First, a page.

On May 26, 2014 millions of Americans will celebrate or pay tribute on Memorial Day, but one Navy war veteran is bemoaning the fact that many of them will not even know why they have the day off from work. And they will not know that the holiday was originally celebrated on May 30, not the last Monday of the month of May. And that it used to be called Decoration Day, originally commemorated to honor those Confederate and Union soldiers who died in the Civil War by decorating their graves.
But in 1971 the holiday date was changed, and Al Peterson believes the date needs to be changed back again. Peterson says that Gen. John Logan first directed that dead soldiers be paid tribute on May 30, almost 150 years ago, in 1868, "for the purpose of strewing with flowers or otherwise decorating the graves of comrades who died in defense of their country..."
But now the somber holiday that is supposed to recognize servicemen who paid with their lives in order to protect our freedoms has become a holiday centered on "sales at the mall and barbecues. And drinking," Peterson told the Baltimore Sun.
And that's why the Navy war veteran, along with others in the Committee to Restore Memorial Day, is lobbying Congress to try and have the holiday once again scheduled for May 30, the original date designated to honor fallen soldiers, and when flowers are typically in bloom to be able to be placed on those graves.
Honoring those who paid the ultimate price during the Civil War had grown by the 20th century to include honoring all those who have died during military service, according to the Register-Herald. Hence the name and date changes, which resulted by an act of Congress in 1971.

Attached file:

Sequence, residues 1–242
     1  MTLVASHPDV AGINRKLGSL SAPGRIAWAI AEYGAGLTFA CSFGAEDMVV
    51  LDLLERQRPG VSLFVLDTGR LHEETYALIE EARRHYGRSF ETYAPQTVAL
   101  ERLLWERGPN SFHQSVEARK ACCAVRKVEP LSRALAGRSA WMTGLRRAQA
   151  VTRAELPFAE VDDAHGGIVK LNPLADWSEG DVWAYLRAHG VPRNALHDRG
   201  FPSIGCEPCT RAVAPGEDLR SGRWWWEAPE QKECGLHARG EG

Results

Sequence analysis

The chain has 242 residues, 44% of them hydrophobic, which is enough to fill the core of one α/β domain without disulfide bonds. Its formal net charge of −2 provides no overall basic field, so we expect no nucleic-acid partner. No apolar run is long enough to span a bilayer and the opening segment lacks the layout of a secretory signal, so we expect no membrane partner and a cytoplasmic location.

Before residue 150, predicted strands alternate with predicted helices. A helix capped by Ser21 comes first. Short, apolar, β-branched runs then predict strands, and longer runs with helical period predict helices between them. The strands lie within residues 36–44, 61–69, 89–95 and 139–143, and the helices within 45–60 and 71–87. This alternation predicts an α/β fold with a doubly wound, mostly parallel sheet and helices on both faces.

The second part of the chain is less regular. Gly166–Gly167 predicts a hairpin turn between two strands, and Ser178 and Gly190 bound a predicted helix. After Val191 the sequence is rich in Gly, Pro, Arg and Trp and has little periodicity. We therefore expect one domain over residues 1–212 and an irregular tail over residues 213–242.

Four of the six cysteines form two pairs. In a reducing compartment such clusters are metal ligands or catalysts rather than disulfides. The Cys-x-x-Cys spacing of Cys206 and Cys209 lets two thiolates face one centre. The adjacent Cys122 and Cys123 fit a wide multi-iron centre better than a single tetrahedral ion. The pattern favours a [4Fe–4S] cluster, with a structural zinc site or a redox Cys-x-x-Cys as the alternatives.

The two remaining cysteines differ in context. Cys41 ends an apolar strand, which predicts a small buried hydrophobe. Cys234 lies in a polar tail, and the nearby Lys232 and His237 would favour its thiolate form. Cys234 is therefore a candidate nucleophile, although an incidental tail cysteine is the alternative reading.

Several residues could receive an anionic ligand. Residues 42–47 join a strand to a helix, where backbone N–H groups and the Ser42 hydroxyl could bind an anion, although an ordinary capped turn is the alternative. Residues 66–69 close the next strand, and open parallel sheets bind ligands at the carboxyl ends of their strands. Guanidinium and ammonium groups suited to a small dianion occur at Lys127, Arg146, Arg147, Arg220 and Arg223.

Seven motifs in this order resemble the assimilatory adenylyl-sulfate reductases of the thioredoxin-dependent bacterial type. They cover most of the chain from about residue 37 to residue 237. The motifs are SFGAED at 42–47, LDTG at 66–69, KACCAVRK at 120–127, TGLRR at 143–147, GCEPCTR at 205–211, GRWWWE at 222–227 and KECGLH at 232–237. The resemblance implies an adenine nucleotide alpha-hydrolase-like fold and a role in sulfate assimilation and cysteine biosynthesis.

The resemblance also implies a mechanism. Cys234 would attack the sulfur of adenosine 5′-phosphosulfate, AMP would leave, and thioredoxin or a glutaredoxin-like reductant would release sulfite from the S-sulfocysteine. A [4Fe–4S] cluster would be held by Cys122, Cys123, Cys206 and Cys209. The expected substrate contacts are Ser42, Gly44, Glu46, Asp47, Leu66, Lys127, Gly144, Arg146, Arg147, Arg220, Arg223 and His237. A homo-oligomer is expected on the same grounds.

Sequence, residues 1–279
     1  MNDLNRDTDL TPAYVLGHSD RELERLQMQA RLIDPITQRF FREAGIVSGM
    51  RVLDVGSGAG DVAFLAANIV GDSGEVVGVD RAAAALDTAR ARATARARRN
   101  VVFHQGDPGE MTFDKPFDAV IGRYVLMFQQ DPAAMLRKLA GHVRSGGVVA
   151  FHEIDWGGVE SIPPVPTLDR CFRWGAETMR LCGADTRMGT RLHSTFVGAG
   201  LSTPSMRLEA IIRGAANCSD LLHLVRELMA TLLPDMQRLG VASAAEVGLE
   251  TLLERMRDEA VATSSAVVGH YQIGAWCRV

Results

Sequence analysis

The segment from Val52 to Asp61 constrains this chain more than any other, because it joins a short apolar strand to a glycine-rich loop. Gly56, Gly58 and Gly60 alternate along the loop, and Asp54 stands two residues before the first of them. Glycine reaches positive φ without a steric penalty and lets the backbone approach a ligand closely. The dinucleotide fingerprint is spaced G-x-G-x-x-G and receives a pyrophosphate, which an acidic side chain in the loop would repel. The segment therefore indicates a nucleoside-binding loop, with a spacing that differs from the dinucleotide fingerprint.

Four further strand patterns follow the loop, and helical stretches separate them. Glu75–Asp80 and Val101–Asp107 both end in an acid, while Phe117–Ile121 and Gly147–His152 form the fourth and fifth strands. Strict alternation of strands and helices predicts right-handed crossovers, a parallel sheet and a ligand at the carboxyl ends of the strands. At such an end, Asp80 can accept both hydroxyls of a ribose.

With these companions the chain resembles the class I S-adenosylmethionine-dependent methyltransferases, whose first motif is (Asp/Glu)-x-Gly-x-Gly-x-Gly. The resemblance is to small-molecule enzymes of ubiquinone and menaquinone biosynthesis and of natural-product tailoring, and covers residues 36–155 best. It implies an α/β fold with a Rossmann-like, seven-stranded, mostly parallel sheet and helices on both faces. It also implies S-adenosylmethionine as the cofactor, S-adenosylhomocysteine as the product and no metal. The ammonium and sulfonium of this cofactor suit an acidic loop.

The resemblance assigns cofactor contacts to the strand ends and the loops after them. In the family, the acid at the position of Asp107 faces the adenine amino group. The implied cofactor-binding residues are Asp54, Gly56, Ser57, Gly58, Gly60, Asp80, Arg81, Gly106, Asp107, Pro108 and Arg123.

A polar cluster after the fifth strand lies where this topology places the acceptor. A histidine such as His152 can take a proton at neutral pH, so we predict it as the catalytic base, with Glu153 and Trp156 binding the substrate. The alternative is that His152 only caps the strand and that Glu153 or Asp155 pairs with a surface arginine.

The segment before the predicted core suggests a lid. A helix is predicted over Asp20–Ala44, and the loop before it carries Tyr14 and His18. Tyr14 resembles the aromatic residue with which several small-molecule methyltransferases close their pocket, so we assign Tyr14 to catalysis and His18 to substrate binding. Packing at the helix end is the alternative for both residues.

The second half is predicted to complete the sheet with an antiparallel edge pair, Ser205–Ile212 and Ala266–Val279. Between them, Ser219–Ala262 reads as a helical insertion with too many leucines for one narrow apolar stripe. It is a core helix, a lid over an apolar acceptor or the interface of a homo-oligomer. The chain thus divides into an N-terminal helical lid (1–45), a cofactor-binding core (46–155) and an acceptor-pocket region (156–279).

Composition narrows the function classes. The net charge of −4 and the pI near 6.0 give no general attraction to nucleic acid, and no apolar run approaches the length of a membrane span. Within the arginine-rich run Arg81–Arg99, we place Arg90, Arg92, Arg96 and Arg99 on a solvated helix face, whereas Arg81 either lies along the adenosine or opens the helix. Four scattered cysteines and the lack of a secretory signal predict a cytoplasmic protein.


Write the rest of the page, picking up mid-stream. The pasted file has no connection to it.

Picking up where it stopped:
Visiting cemeteries to lay flowers or place flags is one way to mark the occasion and pay tribute, attending Memorial Day parades and functions that honor soldiers is another. And planting more than 4,000 flowers in advance of the holiday at the Kearney, NE cemetery is yet another, but Al Peterson says that far too many people will be eating barbeque, shopping at the malls and drinking alcohol instead, which is more about merrymaking than honoring the fallen.
And he thinks it is because they don't understand what this holiday stands for and why (and how) it should be remembered and honored.
You don't celebrate Memorial Day. It's a day to pay honor to all the men and women who died for our freedoms," the Navy war veteran said.
Interestingly, while Decoration Day was originally more of a Union soldier honoring practice, according to the Christian Post, the claim has been made according to the news agency that the first Civil War soldiers grave was decorated in Virginia on June 3, 1861. However, they also report that there is authentic documentation that Savannah, Ga. women actually took part in decorating Confederate soldiers' graves in 1862.
Regardless of whether you hail from the North or the South, or whether you honor fallen soldiers on the last Monday of the month or May 30, or even whether you place flowers or flags on the graves of those who served, you should at least stop and give thanks that a soldier was willing to die in order that you could enjoy the freedom to spend this Memorial Day with your family and friends.